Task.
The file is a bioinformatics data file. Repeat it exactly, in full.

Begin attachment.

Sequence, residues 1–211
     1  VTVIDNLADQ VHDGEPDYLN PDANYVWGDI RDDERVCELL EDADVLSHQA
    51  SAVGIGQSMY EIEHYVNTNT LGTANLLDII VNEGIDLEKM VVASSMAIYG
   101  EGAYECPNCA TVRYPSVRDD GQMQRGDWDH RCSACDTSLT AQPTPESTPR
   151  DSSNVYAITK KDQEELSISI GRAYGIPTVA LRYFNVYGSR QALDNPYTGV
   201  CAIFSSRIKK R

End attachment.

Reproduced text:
Sequence, residues 1–211
     1  VTVIDNLADQ VHDGEPDYLN PDANYVWGDI RDDERVCELL EDADVLSHQA
    51  SAVGIGQSMY EIEHYVNTNT LGTANLLDII VNEGIDLEKM VVASSMAIYG
   101  EGAYECPNCA TVRYPSVRDD GQMQRGDWDH RCSACDTSLT AQPTPESTPR
   151  DSSNVYAITK KDQEELSISI GRAYGIPTVA LRYFNVYGSR QALDNPYTGV
   201  CAIFSSRIKK R